"We Are Most Ourselves When we Are Changing": Michael Winter, Lynn Coady, Lisa Moore, and the Literary Reconfiguration of Atlantic Canadian Regionalism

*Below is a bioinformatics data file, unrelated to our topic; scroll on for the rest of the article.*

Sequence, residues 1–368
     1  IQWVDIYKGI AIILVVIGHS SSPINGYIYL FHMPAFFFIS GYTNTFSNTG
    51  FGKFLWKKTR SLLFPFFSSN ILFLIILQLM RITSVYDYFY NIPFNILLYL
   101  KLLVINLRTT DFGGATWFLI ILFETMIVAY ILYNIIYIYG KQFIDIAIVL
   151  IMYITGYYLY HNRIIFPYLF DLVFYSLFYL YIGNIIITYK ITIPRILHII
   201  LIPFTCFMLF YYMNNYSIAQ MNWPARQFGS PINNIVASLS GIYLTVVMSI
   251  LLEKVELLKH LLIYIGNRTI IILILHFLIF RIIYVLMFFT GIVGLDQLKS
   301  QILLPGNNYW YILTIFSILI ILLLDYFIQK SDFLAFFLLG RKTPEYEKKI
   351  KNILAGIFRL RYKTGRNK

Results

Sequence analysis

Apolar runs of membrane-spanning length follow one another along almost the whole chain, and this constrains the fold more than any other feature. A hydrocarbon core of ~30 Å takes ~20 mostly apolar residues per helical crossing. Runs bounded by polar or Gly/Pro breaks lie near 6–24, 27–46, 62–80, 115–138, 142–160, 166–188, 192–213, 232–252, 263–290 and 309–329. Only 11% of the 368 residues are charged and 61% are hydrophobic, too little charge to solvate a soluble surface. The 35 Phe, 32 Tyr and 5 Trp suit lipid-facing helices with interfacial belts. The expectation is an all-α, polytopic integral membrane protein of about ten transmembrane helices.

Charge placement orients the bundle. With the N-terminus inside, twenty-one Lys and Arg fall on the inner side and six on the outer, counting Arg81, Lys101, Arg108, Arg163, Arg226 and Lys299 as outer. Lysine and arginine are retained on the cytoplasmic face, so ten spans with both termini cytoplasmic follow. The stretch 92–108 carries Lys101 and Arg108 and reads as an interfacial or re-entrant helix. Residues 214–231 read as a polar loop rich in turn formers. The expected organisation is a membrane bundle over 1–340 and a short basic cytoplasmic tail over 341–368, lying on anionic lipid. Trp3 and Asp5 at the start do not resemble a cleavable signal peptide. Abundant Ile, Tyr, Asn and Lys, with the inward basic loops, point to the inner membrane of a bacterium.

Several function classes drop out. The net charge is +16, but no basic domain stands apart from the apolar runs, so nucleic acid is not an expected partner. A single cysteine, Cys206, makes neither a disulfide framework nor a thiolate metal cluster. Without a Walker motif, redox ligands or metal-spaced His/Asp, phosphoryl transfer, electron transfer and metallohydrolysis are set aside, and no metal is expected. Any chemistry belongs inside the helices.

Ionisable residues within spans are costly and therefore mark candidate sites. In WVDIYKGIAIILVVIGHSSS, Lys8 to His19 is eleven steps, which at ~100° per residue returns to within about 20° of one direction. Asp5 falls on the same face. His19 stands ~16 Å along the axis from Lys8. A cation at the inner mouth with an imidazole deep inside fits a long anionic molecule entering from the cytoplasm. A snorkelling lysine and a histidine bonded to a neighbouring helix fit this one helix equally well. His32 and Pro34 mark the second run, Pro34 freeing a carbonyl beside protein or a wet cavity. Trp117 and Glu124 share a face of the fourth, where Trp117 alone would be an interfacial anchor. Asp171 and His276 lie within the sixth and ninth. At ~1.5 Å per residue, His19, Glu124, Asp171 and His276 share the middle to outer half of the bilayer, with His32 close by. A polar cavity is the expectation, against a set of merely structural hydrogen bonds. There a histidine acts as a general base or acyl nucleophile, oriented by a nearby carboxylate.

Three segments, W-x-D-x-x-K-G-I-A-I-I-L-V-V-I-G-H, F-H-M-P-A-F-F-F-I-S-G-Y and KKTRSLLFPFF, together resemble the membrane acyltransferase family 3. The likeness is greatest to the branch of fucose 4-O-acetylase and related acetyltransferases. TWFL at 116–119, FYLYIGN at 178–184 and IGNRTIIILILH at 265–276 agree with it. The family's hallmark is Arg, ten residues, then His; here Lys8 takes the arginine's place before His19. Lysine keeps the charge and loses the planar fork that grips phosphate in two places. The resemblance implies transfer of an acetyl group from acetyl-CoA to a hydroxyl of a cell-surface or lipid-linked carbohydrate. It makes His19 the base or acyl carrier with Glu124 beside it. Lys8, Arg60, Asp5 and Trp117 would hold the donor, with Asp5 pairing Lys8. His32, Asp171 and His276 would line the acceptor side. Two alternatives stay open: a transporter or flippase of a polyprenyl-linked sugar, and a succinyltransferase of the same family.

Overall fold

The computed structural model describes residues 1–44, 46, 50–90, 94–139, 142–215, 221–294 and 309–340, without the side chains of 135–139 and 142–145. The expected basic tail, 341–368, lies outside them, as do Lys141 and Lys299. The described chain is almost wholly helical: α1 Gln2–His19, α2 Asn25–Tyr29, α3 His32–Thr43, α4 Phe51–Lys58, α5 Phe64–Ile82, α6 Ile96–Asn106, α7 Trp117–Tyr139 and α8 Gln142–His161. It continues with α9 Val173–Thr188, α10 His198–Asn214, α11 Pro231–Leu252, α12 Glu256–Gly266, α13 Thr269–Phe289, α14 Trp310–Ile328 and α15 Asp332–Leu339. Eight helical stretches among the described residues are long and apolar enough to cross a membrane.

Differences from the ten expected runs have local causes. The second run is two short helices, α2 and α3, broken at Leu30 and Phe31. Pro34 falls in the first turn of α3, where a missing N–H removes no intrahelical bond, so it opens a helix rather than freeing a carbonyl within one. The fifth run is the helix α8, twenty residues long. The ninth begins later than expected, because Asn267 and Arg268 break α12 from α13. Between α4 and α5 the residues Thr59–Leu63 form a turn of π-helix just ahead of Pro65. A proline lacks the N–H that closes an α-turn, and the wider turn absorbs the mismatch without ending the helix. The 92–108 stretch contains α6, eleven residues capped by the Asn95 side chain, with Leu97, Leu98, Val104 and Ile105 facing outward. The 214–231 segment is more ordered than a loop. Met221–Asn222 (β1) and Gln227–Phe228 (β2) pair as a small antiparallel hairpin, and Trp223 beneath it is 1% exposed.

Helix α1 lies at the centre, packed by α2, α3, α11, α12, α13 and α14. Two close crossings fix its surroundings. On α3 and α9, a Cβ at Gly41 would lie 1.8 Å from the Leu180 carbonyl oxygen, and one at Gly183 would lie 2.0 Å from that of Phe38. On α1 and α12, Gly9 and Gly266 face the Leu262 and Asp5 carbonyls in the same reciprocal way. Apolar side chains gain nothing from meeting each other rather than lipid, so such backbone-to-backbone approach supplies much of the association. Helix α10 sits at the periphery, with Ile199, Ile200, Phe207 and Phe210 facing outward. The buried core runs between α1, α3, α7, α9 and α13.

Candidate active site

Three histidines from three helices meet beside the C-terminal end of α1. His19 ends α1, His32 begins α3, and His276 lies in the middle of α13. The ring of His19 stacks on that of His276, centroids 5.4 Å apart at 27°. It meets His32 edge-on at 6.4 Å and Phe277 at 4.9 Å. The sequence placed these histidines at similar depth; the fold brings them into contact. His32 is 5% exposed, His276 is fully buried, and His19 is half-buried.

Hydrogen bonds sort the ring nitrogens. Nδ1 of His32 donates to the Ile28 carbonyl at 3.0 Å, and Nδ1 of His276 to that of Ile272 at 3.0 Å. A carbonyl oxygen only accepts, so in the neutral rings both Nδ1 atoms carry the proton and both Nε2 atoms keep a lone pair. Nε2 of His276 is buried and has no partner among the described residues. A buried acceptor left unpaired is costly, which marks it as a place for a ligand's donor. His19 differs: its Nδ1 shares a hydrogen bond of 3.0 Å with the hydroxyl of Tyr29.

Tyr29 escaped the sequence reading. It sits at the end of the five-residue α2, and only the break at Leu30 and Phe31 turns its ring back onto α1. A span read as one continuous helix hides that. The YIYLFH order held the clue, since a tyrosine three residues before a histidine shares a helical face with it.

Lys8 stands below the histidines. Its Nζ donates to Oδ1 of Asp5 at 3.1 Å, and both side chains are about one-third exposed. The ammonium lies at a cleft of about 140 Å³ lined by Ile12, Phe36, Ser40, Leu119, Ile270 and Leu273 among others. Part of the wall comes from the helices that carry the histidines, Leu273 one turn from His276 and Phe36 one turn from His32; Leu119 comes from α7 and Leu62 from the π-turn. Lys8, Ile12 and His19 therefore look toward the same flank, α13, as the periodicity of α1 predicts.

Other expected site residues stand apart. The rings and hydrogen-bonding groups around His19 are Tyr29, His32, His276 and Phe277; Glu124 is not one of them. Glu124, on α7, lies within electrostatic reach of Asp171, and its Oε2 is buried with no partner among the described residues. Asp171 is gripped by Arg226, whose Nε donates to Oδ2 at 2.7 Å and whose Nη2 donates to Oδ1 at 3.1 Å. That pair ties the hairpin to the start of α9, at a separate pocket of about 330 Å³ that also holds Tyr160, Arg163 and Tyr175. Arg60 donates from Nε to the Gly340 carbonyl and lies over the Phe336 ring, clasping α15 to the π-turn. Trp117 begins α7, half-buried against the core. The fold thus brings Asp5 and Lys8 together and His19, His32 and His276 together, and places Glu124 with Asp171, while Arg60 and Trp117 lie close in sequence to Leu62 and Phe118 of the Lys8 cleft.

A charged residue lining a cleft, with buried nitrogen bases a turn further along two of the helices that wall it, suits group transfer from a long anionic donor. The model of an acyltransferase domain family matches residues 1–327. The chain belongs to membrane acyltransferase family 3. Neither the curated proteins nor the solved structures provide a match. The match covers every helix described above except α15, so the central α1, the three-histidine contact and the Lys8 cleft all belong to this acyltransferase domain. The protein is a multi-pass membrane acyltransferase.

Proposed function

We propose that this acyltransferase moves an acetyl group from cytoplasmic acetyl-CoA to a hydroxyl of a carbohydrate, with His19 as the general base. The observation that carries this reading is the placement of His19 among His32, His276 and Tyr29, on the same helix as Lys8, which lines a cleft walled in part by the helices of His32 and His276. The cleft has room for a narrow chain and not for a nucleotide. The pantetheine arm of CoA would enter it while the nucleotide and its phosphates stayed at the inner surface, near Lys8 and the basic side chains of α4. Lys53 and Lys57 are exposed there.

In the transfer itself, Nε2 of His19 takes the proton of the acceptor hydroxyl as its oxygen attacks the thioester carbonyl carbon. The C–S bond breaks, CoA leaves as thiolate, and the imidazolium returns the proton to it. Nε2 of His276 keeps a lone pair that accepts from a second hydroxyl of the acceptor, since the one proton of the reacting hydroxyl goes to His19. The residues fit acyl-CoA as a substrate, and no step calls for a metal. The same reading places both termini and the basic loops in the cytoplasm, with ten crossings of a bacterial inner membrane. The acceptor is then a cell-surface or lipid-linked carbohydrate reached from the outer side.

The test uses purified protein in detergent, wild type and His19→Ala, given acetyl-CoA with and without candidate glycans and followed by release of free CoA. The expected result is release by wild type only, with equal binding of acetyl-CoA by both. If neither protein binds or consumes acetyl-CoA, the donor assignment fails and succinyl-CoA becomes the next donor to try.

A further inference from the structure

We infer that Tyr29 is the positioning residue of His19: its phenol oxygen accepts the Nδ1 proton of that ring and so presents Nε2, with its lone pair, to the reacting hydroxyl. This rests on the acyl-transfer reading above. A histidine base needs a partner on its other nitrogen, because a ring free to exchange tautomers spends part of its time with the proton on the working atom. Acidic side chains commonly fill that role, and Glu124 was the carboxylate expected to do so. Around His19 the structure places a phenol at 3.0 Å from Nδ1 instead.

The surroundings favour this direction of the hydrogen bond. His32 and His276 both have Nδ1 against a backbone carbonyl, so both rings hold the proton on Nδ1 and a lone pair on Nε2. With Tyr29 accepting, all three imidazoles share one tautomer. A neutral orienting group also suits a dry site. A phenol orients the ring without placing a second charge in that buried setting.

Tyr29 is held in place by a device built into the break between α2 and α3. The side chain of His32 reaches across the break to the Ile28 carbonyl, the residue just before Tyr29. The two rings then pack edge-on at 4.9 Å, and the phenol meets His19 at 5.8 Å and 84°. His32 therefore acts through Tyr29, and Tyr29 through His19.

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Canada is a complex social space shaped by the interaction of established cultural practices with the everyday realities of globalized consumer culture. These representations challenge stereotypes that characterize the region as a locus of tradition and history apart from today’s world. This dissertation examines the way these authors contribute to the transformation of our understanding of Atlantic Canada by highlighting the ways we produce social space and foregrounding the changing nature of regional contemporaneity. This dissertation first assesses the dominant understandings of regionalism and Atlantic Canadian identity against which these authors write. Chapter one summarizes normative definitions of regionalism and examines theoretical approaches that inform a revitalized understanding of the term. Chapter two discusses antimodernism in key texts within nineteenth- and twentieth-century Atlantic Canadian literature. Chapter three argues that antimodernism continues to dominate regional literary production, reading the CBC Canada Reads contest’s treatment of Frank Parker Day’s Rockbound as an example of how essentialist interpretations of the Atlantic region contribute to a national narrative of identity that limits our normative conceptions of cultural and regional diversity. The perseverance of this vision of Atlantic Canadian identity makes its destabilization by Winter, Coady and Moore significant. Chapter four considers Michael Winter’s juxtapositions of wilderness and urban space, which suggest the ways in which urbanization permeates even the most remote aspects of existence in contemporary Newfoundland, while emphasizing the persistence of unknowable spaces within the fabric of contemporary life. Chapter five examines Lynn Coady’s parodic treatment of the region’s rurality, which foregrounds yearnings for authenticity while interrogating the limits of regional belonging. Chapter six assesses Lisa Moore’s attention to the ordinariness and inevitability of the exchange between traditions and popular culture in urban and suburban Newfoundland. Moore articulates the tensions, uncertainties and freedoms that accompany the renegotiation of regional identity. Together, Winter, Coady and Moore question the deployment of a unified space or history as the basis for regional belonging. Instead, their visions of contemporary life in the region offer a shared sense of transformation.
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